Peanut Oil: Are There Health Benefits?

Made from peanut plant seeds, peanut oil — also known as groundnut oil — is commonly used in baking, sautéing, frying, and other forms of cooking.

While peanut oil offers a slightly nutty flavor, it’s generally a good, neutral option to use for most recipes. It has a high smoke point (around 450°F), meaning it can withstand high temperatures without burning.

Peanut oil is rich in vitamin E, an antioxidant that offers many protective benefits against chronic disease. This, along with its healthy fat content, means peanut oil can be a great addition to your diet — as long as you consume it in moderation.

Nutrition Information

One serving (1 tablespoon) of peanut oil contains:

  • Calories: 119
  • Fat: 14 grams
  • Saturated Fat: 2 grams
  • Protein: 0 grams
  • Fiber: 0 grams
  • Sugar: 0 grams

Peanut oil also contains nutrients like:

Potential Health Benefits of Peanut Oil

Peanut oil is high in antioxidants and good fats that can keep your heart healthy and blood sugar levels down.

Using this oil for cooking can provide potential health benefits including:

Heart Health

With high levels of vitamin E and monounsaturated and polyunsaturated fats (unsaturated “good fats”), peanut oil could be good for the heart. Studies have shown that replacing saturated fats with these types of unsaturated fats contribute to a lower risk of heart disease.

Other studies have found that vitamin E protects the body from free radicals, which can damage cells and cause some cancers and heart disease.

Better Diabetes Control

Some studies have linked unsaturated fats to improved blood sugar levels in those with diabetes. Consuming polyunsaturated fats instead of saturated fats can also improve insulin secretion, which helps keep blood sugar levels low.

Lower Cholesterol

The monounsaturated fats in peanut oil can also help you lower your LDL cholesterol, otherwise known as the “bad” cholesterol. High LDL can clog or block arteries, leading to heart disease and stroke.

Potential Risks of Peanut Oil

While peanut oil comes with a number of health benefits, there are a few notable downsides.

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If you have allergies or consume a large amount of other omega-6 fats, you’ll want to be aware of these potential health risks:

Peanut Allergies

Allergies to peanuts are one of the most common in children. A peanut allergy can lead to severe attacks that could lead to anaphylaxis and even death.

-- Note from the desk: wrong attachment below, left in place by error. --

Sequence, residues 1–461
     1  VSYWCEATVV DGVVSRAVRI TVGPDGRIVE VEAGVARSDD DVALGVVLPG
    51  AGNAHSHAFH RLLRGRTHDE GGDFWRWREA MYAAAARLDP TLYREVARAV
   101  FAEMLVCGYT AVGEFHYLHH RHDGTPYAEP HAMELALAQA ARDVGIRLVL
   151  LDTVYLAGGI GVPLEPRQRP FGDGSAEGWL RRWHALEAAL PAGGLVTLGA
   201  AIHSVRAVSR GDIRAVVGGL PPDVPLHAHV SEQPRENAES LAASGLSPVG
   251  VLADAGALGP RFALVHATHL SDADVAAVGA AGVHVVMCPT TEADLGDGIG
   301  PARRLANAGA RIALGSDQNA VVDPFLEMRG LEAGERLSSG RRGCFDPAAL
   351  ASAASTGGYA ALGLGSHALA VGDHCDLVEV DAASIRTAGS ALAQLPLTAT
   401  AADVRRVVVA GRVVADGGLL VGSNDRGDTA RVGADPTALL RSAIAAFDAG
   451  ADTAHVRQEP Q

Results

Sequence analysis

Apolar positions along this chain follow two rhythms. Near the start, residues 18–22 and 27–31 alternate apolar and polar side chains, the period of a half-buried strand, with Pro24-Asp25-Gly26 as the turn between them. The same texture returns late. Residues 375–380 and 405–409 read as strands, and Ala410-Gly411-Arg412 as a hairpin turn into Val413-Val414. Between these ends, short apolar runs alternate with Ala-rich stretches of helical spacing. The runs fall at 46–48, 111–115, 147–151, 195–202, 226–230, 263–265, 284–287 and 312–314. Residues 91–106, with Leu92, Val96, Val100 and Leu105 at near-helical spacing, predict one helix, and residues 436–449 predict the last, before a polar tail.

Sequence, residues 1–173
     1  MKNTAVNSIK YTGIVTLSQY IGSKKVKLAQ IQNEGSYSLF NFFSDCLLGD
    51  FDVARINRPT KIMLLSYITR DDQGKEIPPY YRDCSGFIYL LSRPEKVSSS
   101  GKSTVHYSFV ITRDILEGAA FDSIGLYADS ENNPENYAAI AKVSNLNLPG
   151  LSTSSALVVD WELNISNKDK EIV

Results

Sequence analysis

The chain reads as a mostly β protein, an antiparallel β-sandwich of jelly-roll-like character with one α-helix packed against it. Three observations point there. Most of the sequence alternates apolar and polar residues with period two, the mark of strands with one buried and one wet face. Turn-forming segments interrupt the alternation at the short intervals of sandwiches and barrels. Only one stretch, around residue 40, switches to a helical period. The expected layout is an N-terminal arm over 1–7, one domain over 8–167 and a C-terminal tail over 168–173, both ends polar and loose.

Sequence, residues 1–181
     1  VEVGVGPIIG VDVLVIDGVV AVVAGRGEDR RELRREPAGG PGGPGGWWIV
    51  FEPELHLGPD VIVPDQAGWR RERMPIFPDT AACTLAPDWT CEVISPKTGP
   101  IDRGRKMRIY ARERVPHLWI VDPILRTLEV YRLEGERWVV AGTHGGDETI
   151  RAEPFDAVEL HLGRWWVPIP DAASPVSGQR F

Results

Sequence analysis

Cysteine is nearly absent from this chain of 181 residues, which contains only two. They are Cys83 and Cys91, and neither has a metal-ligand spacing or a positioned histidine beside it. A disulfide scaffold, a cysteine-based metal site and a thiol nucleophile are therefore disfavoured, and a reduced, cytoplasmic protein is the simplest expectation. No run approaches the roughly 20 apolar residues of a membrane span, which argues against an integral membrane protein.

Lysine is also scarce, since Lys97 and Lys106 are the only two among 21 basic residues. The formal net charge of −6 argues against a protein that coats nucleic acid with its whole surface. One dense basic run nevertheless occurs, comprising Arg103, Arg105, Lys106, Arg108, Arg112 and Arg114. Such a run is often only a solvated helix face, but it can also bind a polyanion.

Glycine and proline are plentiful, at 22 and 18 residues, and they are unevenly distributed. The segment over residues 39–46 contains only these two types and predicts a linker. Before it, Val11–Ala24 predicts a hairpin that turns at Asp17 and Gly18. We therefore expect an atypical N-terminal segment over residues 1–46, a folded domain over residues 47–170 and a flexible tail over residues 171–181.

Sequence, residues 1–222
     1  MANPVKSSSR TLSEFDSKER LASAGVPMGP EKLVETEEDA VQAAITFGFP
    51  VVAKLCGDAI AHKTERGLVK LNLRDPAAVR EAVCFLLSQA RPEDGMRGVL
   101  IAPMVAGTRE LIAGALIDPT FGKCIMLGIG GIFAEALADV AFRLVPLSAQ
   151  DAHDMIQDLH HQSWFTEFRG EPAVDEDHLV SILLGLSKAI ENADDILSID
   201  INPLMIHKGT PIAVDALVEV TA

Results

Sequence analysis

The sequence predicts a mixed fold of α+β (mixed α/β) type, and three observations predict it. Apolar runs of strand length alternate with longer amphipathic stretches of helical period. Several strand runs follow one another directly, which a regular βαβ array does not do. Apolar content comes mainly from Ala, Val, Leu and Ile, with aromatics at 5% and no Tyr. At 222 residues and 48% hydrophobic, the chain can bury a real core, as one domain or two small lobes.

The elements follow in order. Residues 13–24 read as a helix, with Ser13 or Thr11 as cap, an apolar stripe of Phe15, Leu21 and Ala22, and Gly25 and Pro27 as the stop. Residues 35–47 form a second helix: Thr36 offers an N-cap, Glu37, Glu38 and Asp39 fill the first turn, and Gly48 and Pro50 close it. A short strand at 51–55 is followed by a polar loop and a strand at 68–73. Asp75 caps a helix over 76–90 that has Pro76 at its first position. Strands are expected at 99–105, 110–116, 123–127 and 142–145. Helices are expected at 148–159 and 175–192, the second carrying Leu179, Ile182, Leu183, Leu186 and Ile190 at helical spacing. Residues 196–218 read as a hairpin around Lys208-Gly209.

However, it’s not clear whether peanut oil will cause the same severe allergic reaction. Refined peanut oil may be safer, while crude, cold-pressed, or expelled varieties could cause symptoms if you have a peanut allergy.

Heart Disease

The omega-6 fatty acids in peanut oil can be harmful if your diet consists of too much of this type of fat. Many Americans already consume a diet high in omega-6 fats, which are found in vegetable oils, fast food, and many packaged products.

Studies have found links between omega-6 fats and an increased risk of heart disease. However, consuming peanut oil in moderation is generally considered safe.

WebMD Medical Reference Reviewed by Dan Brennan, MD on October 22, 2020

Sources

SOURCES:

American College of Allergy, Asthma & Immunology: “Does peanut oil cause allergic reactions?”

Antioxidants in Food: “Peanut Oil.”

BMJ: “Use of dietary linoleic acid for secondary prevention of coronary heart disease and death: evaluation of recovered data from the Sydney Diet Heart Study and updated meta-analysis.”

Circulation: “Dietary Fats and Cardiovascular Disease: A Presidential Advisory From the American Heart Association.”

ESHA Research, Inc., Salem, Oregon: “Oil, peanut, salad or cooking.”

International Journal of Biomedical Science: “Free Radicals, Antioxidants in Disease and Health.”

Journal of Nutrition and Metabolism: “Health Implication of High Dietary Omega-6 Polyunsaturated Fatty Acids.”

Harvard Health Publishing: “Low LDL and stroke: A closer look.”

Mayo Clinic: “Peanut allergy.”

MedlinePlus: “Facts about monounsaturated fats.”

Nutrition & Metabolism: “Control of blood glucose in type 2 diabetes without weight loss by modification of diet composition.”

PLOS Medicine: “Effects of Saturated Fat, Polyunsaturated Fat, Monounsaturated Fat, and Carbohydrate on Glucose-Insulin Homeostasis: A Systematic Review and Meta-analysis of Randomised Controlled Feeding Trials.”

© 2020 WebMD, LLC. All rights reserved.

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